Consumer Fraud

Connecticut Opioid Clinics Settle False Claims Act Allegations

opioid oxycodone Shutterstock 329x210 Connecticut Opioid Clinics Settle False Claims Act AllegationsConnecticut officials announced a joint federal and state False Claims Act settlement with a behavioral health and drug counseling practice and its owners who allegedly cheated the state’s Medicaid program out of more than $1 million.

Connecticut Attorney General George Jepsen and state Department of Social Services (DSS) Commissioner Roderick L. Bremby said that New Era Rehabilitation Center and its co-founder owners Dr. Ebenezer Kolade and Dr. Christina Kolade have agreed to pay $1,378,533 to settle the False Claims Act allegations.

“Providers enrolled in Connecticut’s Medicaid program are required to play by the rules,” Attorney General Jepsen said in a statement. “In this case we alleged the providers billed for psychotherapy services that were not actually provided in addition to billing, in effect, twice for the same services. This conduct diverted taxpayer dollars earmarked to help fight the opioid epidemic that has plagued our state.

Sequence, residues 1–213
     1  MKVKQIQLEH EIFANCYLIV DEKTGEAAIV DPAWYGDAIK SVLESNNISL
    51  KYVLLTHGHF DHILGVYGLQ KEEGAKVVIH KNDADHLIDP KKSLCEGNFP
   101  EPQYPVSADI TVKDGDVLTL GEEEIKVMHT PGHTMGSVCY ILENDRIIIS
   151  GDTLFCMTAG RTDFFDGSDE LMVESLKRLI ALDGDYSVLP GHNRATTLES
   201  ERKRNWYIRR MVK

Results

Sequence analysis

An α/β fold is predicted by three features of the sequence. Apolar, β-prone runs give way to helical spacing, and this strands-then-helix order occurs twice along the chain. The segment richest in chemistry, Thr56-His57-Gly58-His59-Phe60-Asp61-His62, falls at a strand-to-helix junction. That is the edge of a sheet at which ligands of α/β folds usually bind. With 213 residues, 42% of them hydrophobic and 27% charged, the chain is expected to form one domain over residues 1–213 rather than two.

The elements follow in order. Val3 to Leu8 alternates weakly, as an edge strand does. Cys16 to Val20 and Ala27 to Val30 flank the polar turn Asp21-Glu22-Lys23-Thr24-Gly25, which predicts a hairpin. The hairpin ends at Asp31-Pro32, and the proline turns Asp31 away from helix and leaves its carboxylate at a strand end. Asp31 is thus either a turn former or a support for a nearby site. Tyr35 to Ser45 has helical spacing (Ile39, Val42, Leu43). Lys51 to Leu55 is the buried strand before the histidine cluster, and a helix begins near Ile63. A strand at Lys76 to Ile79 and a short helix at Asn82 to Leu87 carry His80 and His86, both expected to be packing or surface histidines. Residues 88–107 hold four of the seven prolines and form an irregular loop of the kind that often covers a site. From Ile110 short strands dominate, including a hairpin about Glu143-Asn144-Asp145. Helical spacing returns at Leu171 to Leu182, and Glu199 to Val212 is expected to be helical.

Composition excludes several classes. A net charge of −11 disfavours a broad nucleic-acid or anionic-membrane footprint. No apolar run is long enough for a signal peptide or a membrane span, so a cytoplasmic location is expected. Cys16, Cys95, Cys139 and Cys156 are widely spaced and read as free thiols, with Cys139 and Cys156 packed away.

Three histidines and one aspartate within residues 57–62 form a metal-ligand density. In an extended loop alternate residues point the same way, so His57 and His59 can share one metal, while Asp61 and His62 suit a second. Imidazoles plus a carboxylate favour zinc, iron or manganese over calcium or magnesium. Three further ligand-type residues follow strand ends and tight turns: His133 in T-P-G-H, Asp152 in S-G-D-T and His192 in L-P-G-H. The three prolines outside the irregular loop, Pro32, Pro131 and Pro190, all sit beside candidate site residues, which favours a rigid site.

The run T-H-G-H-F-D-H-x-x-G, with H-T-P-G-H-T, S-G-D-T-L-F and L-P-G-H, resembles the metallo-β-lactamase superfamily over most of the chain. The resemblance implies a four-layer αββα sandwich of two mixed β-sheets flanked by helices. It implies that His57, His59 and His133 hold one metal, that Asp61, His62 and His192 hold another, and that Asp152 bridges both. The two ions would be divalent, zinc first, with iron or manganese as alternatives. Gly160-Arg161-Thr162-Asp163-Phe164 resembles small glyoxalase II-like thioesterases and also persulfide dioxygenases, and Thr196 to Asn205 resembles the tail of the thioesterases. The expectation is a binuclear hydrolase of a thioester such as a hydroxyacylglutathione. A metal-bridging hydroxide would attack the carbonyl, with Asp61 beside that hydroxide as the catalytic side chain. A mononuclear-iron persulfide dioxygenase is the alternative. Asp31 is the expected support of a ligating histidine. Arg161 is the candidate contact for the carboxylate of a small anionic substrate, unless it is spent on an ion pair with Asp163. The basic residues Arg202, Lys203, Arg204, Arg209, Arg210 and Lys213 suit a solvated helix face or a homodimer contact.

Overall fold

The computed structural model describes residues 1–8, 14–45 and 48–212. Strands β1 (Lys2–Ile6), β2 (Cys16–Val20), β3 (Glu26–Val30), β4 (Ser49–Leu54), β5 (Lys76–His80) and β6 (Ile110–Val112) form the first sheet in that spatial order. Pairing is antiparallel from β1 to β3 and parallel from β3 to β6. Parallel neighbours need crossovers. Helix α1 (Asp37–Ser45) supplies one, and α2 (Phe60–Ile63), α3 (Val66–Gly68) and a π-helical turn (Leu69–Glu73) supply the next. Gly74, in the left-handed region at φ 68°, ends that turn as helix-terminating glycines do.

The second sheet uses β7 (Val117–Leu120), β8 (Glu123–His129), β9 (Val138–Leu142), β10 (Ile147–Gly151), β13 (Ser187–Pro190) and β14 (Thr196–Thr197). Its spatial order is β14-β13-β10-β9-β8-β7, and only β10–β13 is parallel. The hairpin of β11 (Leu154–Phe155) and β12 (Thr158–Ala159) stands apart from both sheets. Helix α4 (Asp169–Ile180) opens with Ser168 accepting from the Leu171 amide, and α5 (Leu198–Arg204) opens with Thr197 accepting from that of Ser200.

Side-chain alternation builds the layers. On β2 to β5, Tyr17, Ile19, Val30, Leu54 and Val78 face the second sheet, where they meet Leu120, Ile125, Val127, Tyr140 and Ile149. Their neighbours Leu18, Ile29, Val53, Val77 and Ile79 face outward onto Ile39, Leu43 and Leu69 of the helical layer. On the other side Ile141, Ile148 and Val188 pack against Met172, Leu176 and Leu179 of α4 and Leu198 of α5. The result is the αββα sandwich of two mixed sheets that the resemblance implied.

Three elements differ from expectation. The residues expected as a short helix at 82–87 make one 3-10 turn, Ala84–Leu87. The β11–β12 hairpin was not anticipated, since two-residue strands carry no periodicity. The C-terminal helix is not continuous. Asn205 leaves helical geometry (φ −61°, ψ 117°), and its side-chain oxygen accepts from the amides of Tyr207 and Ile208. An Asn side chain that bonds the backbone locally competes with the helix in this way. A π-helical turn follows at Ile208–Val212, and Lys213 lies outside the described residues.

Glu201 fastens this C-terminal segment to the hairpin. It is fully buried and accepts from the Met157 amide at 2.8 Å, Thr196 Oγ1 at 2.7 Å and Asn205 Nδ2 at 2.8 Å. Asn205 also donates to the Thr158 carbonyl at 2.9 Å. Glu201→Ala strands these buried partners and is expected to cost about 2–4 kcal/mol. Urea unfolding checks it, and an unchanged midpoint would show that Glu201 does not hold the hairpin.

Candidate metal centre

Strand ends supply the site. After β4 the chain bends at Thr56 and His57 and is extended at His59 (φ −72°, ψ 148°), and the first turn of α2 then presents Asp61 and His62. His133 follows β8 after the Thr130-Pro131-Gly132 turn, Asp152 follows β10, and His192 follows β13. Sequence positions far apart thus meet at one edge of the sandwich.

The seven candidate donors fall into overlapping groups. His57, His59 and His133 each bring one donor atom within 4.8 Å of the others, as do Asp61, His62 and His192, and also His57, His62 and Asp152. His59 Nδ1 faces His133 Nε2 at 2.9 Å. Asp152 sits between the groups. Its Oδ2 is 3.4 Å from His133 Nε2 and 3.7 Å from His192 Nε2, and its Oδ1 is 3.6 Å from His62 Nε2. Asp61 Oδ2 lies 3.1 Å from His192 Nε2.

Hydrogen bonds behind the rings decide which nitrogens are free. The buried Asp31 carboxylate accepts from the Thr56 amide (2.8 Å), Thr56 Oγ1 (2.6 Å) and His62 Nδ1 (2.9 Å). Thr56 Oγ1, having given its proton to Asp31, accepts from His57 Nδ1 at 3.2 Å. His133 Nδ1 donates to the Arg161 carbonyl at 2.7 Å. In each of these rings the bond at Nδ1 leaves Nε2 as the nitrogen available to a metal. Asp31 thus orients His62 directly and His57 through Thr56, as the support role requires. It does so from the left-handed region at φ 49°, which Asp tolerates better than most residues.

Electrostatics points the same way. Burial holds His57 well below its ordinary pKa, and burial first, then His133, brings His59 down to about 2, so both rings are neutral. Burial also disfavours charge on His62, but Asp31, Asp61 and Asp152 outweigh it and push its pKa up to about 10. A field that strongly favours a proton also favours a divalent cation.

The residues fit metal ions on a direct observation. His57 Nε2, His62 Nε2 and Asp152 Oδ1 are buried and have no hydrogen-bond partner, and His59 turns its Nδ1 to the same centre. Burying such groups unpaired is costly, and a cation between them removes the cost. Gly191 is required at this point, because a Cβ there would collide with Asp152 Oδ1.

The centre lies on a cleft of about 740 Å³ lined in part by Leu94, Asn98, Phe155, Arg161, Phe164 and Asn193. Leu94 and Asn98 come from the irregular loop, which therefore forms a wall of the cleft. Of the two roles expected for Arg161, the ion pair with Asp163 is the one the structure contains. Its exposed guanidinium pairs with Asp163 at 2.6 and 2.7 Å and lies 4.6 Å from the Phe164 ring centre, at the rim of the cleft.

New Era maintains offices in New Haven and Bridgeport and provides methadone treatment services for patients struggling with opioid addiction. Most of New Era’s patients are beneficiaries of Connecticut’s Medicaid program, known as CMAP or the Connecticut Medical Assistance Program.

The state and federal governments said the False Claims Act violations occurred over a four-year period starting in October 2009.

The state and federal governments alleged that New Era and the Kolades billed CMAP weekly for a methadone bundled service rate that included various services not routinely provided, then submitted a separate claim for virtually every drug counseling session provided to clients by using a billing code for more expensive outpatient psychotherapy.

The state and federal governments further alleged that those psychotherapy sessions were actually the drug counseling sessions already included and reimbursed through the bundled rate.

The False Claims Act settlement returns $881,945 to CMAP. The remainder will be returned to the federal government, which subsidizes state Medicaid programs.